- Have fun — encourage nurses to laugh with family, patients and staff find ways to stay positive and make their shift enjoyable
- Take a short break when feeling stressed – a quick five minute breather can really help nurses refresh and refocus
It’s important that senior nurses help nurses who are new to the profession or the organization. “Caring about patients is central to quality nursing care. To do this, we must support one another and promote an environment in which experienced nurses assist novice ones and welcome their questions,” explains Joyce L. Nelson, a nursing education specialist in the Department of Nursing at the Mayo Clinic in Rochester, Minnesota.
“We must give high priority to nurturing novices and integrating them into the work team.”
3. Help nurses prioritize.
Nursing staff are pulled in multiple directions during a shift. With proper guidance and training, organizations can help nurses prioritize and learn that it’s okay to say “no.” Nursing Times suggests that nurses “can’t be everywhere at the same time, so some things will have to wait. Check in with a patient, saying something like ‘I’m sorry I have to deal with this right now, but I will be back to help you in a few minutes.'” Help nurses prioritize where they are needed immediately and learn how to balance their immediate priorities with the need to provide all patients with high quality care.
To help set priorities, nurses can ask themselves a number of questions, including:
- What is most important to the patient?
- What needs to be done first and why?
- Which tasks are urgent and why?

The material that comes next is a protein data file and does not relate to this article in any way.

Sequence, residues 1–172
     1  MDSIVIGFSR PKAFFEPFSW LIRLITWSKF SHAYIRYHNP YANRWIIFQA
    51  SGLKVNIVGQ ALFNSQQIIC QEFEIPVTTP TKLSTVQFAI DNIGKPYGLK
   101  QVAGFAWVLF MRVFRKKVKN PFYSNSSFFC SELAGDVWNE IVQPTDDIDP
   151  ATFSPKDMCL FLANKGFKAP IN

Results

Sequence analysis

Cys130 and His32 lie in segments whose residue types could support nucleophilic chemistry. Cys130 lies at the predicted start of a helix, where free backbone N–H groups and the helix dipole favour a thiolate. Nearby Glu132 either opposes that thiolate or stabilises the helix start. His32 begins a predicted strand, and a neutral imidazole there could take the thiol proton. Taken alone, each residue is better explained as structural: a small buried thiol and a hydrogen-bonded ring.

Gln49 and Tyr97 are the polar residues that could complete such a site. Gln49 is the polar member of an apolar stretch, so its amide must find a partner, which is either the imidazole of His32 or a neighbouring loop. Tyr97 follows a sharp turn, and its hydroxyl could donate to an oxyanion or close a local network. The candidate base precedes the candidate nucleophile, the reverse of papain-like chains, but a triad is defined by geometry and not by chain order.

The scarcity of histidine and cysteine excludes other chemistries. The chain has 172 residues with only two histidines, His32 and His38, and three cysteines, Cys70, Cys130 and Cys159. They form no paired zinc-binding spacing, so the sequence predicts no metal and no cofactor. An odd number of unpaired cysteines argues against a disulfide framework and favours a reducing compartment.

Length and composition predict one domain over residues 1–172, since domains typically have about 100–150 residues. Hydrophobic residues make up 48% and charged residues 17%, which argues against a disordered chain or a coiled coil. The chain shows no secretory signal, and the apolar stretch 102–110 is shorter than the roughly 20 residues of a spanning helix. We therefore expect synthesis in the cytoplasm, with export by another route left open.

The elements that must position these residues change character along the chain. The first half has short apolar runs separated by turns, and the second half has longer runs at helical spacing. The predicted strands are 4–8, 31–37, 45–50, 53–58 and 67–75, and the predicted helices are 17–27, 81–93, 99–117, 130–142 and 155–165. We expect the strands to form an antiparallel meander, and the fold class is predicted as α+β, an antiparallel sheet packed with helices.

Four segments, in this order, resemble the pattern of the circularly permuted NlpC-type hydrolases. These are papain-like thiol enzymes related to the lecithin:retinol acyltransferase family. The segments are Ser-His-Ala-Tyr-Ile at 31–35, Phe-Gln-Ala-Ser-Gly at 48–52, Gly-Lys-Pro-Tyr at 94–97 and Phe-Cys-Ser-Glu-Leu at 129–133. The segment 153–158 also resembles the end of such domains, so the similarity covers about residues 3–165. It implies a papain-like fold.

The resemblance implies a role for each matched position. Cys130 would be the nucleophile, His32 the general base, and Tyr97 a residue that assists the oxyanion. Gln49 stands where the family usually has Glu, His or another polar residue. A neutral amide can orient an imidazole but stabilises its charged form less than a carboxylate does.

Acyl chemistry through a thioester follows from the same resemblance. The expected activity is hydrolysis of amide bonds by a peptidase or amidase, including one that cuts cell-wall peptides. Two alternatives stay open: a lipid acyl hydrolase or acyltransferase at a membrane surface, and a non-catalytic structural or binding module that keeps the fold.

- Which tasks need to be undertaken before others can be completed?
- What would happen if a task wasn’t carried out immediately?
“Nursing can be unpredictable and your priorities can change very quickly,” Nursing Times points out. Nurses should “learn to be flexible and respond to what’s going on around [them].”
4. Create consistent processes and procedures.
Whether these processes include using a computer for charting, scanning patient ID bracelets before administering medication, or checking in with patients before a shift change, it’s critical that your organization has consistent processes and procedures in place that all nurses know and follow. These processes and procedures should be designed to support better organization and time management, which can help reduce nurse workload.
It’s important for nursing management teams to provide comprehensive training on new procedures and invest in continuing education opportunities for all nursing staff.
5. Support better time management practices.
According to Nursing Times, some tricks of the trade include:
- Arriving early
- Creating to-do lists for the day, with approximate time estimates next to each task
- Delegating tasks and working together as a team
Do you think that nursing homes and other medical organizations that provide a supportive environment with manageable nurse workloads will improve their nurse retention rates? We’d love to hear your thoughts in the comments below.